The mass production of goods, many of them unnecessary for a comfortable life, is using large amounts of energy, creating excess pollution, and generating huge amounts of waste. To complicate matters, environmental impacts of high levels of consumption are not confined to the local area or even country.
Population and environment: a global challenge
This enables them to enjoy the products without having to deal with the immediate impacts of the factories or pollution that went in to creating them. On a global scale, not all humans are equally responsible for environmental harm. Consumption patterns and resource use are very high in some parts of the world, while in others—often in countries with far more people—they are low, and the basic needs of whole populations are not being met.
The reverse was also true—for example the population of North America grew only 4 per cent between andwhile its carbon emissions grew by 14 per cent. Individuals living in developed countries have, in general, a much bigger ecological footprint GLOSSARY ecological footprintThe impact of a person or community on the environment, expressed as the amount of land required to sustain their use of natural resources.
The ecological footprint is a standardised measure of how much productive land and water is needed to produce the resources that are consumed, and to absorb the wastes produced by a person or group of people.
Today humanity uses the equivalent of 1. This means it now takes the Earth one year and six months to regenerate what we use in a year. Global Footprint Network When Australian consumption is viewed from a global perspective, we leave an exceptionally large 'ecological footprint'—one of the largest in the world. While the average global footprint is 2.
Population and environment: a global challenge - Curious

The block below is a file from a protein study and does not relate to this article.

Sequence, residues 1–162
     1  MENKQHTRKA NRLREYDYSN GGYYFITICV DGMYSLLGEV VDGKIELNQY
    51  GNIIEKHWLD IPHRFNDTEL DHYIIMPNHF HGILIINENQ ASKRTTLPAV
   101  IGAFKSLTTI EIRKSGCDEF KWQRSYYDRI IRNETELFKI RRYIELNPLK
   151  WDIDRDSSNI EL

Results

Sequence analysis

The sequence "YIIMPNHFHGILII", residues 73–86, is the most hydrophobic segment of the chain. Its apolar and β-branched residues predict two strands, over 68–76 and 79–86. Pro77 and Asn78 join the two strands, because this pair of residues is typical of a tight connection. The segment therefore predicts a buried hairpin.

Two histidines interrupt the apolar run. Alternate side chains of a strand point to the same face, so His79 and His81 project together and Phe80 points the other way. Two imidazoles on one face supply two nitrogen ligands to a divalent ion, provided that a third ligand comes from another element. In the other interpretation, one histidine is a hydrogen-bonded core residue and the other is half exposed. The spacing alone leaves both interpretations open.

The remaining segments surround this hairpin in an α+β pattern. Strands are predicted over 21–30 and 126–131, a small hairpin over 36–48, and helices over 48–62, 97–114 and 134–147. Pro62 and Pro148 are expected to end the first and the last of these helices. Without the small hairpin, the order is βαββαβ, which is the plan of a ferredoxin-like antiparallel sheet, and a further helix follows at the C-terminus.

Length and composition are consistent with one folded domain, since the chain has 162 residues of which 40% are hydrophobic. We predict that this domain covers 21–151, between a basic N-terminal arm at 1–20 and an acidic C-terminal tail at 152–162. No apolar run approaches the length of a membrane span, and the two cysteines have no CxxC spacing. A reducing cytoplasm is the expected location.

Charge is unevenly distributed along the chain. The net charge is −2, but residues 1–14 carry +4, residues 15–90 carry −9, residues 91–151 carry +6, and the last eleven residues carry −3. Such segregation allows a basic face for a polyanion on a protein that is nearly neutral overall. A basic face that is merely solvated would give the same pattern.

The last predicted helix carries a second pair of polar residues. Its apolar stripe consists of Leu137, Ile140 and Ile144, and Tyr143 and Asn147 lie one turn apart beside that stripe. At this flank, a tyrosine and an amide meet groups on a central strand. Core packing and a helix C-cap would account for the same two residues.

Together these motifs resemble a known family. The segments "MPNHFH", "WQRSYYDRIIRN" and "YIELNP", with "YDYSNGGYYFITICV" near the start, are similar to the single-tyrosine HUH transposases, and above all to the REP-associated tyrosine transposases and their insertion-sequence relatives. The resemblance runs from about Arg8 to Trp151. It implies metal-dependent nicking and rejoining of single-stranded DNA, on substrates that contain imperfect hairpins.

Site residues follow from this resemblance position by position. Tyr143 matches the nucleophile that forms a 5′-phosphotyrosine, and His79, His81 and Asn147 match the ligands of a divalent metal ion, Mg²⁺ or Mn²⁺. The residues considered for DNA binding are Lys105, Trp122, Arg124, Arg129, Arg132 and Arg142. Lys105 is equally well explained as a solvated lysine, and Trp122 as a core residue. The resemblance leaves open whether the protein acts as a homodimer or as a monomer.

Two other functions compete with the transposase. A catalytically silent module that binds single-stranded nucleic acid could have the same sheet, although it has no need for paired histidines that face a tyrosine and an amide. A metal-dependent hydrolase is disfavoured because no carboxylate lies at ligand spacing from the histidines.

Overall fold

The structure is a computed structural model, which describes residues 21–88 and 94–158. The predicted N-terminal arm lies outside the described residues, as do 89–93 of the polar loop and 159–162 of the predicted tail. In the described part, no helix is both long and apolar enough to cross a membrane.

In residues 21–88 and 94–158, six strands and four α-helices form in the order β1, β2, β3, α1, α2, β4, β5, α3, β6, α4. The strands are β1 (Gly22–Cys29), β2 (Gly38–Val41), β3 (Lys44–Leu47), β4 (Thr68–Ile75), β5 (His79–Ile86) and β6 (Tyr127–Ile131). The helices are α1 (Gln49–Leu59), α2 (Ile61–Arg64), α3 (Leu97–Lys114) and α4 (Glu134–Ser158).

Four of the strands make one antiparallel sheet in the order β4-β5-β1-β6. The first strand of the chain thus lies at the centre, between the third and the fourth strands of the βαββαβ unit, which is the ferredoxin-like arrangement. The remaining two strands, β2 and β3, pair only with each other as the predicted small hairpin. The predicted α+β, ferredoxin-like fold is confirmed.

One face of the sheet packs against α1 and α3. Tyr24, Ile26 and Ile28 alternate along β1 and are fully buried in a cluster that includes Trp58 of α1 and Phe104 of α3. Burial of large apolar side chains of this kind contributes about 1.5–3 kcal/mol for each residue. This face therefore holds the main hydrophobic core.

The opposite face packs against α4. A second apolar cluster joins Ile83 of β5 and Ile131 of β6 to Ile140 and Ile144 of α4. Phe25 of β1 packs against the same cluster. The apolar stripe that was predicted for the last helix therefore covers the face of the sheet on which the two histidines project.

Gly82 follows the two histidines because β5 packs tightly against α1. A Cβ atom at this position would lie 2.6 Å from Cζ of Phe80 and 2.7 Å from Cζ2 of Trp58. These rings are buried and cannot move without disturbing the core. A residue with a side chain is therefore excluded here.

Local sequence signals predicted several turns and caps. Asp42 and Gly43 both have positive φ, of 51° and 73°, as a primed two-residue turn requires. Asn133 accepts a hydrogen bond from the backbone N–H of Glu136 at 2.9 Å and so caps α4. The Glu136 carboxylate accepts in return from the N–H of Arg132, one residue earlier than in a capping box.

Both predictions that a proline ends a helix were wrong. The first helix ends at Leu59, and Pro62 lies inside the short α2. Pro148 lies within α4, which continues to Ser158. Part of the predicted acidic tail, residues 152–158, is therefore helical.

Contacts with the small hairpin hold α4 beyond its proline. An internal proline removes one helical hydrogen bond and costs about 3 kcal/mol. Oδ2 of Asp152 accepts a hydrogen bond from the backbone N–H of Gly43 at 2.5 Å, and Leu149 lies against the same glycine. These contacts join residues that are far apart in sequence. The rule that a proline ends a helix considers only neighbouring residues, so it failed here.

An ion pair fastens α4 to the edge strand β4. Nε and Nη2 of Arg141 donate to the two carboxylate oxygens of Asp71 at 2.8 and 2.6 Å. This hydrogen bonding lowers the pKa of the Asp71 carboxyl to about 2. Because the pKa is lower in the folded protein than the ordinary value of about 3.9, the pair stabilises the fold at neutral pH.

To put this in perspective, if the rest of world lived like we do in Australia, we would need the equivalent of 3. Similarly, an American has an ecological footprint almost 9 times larger than an Indian—so while the population of India far exceeds that of the United States, in terms of environmental damage, it is the American consumption of resources that is causing the higher level of damage to the planet.
What is the solution? How do we solve the delicate problem of population growth and environmental limitations? Joel Cohen, a mathematician and author characterised potential solutions in the following way: Advances in food production technologies such as agriculture, water purification and genetic engineering may help to feed the masses, while moving away from fossil fuels to renewable power sources such as wind and solar will go some way to reducing climate change.
In the United Nations Environment Programme UNEP released a report titled ' Decoupling 2 ', which explored the possibilities and opportunities of technology and innovation to accelerate decoupling, and an analysis of how far technical innovation can go.
Funding and research should be a high priority in these areas, but we must accept that technology can only do so much, and is only part of the solution. Investing in clean energy is one way to reduce our environmental strain on the planet.Factors Effecting Environment- Population Growth - Impact of Population Growth -